Will Mainers pay for craft beer in cans?

It’s a question that will finally be answered in about a week as Baxter Brewing cans hit stores.

Baxter founder Luke Livingston said “surprisingly few” people he’s spoken with have been reluctant to try the brewery’s Pamola Xtra Pale Ale and Stowaway IPA in cans.

Still, in Maine, more than other states, bold and flavorful beer in cans is a rarity.

Just 10 years ago, metal cans were solely a vessel for mass-produced beer.

In 2005, Samuel Adams brewers released a “Beer Drinker’s Bill of Rights” that included the provision “Beer shall be offered in bottles, not cans, so that no brew is jeopardized with the taste of metal.” Samuel Adams founder Jim Koch has since changed his mind on the topic, but it came to symbolize the rift between craft can enthusiasts and those who think the can itself cheapens a beer.

Cans are catching on in many parts of the country, especially Colorado and California. In Maine, only one craft brewery has ever canned beer. That was Stone Coast in Portland, which closed in August 2008.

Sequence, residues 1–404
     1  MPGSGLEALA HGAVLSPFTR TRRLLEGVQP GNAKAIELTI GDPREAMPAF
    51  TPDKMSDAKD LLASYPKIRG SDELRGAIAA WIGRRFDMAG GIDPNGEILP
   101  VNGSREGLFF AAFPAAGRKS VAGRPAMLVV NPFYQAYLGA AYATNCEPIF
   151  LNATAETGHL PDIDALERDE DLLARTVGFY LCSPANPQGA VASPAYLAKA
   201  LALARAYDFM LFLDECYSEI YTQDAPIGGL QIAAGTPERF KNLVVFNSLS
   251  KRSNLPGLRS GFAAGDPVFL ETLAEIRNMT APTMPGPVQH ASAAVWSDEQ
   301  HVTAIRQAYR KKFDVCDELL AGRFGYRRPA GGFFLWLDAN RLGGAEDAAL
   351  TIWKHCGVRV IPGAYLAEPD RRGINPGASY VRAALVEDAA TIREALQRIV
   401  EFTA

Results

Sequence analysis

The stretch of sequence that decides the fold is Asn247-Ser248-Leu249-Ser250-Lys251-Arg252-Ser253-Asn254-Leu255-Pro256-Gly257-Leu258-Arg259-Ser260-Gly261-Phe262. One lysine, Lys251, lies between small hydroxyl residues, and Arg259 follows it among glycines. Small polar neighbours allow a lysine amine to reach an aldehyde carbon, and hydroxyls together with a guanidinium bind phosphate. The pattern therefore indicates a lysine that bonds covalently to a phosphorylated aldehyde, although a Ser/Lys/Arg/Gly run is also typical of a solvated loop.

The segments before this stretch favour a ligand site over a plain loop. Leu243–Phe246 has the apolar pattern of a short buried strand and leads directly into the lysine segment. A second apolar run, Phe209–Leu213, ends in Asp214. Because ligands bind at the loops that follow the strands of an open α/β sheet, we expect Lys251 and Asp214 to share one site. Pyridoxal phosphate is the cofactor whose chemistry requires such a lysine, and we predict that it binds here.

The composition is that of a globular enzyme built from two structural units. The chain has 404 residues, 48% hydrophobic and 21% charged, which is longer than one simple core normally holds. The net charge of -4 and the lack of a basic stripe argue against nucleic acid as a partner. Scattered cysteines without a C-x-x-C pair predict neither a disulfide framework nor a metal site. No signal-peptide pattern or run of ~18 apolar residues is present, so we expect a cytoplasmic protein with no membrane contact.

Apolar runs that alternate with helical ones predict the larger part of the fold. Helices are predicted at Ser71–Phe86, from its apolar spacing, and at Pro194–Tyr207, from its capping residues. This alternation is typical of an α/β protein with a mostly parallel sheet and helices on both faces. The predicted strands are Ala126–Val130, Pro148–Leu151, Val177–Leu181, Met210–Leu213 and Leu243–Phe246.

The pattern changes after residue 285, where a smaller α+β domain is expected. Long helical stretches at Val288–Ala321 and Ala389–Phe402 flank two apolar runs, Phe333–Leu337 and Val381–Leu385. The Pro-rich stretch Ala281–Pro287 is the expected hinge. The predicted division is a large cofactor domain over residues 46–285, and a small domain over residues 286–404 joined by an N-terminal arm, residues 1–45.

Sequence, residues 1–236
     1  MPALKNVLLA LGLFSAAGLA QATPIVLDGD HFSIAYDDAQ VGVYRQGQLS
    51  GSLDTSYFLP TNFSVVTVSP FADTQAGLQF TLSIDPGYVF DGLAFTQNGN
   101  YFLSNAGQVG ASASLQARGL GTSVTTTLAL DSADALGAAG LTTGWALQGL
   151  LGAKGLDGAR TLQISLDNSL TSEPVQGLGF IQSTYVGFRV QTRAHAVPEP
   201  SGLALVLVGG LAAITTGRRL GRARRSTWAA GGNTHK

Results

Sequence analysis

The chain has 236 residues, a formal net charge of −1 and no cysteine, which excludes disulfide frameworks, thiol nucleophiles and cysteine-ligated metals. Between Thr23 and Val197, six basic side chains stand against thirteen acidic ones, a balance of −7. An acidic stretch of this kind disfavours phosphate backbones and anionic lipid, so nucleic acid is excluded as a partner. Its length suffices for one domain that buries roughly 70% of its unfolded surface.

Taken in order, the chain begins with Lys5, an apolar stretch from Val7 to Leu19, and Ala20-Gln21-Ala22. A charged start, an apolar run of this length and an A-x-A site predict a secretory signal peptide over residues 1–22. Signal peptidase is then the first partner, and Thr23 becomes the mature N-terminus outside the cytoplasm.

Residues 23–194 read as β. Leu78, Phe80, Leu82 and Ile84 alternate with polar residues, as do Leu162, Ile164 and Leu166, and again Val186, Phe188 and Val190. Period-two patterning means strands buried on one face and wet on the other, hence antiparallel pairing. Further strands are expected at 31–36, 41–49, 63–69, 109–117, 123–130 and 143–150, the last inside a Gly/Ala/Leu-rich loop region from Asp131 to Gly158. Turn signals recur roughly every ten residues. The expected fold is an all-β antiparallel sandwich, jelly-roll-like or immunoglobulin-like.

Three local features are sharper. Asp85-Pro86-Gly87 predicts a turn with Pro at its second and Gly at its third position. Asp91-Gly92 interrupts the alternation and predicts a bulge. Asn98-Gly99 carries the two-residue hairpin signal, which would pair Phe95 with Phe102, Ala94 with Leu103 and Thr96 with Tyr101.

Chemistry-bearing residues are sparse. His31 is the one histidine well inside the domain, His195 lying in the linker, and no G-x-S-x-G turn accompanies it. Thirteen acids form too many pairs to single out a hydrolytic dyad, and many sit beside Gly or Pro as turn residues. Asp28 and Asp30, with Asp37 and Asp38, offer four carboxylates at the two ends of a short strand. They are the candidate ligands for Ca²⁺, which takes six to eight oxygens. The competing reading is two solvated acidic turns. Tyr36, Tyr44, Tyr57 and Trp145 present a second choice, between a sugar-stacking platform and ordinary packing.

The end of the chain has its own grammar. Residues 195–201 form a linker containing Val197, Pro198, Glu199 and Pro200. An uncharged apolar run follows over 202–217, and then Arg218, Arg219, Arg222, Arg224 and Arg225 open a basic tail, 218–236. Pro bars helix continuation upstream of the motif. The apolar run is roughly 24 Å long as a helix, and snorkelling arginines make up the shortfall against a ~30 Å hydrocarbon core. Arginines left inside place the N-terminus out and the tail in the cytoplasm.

Since home brewing was legalized in 1978, bottles were a logical pairing for craft beer. Most brewers start out home brewing, and bottles can be hand-filled, then cleaned, sanitized and re-used, while cans are single-use and require expensive equipment to fill and seal.

Pioneering craft brands like Anchor, Sierra Nevada and New Albion bottled their products, leaving cans to the mass-produced brands.

By the time a blues bar and brew pub called Oskar Blues in Lyons, Colo., started canning beer and hand-sealing it in 2002, it was considered blasphemous. Oskar Blues founder Dale Katechis now says he did it as a joke and as a gimmick to get people talking.

It’s not a joke anymore. By 2009, Oskar Blues was the 44th best-selling craft brewery in America out of a field of about 1,600, according to the Brewers Association, a craft beer trade group. The Brewers Association hasn’t yet released its Top 50 list for 2010.

A rough start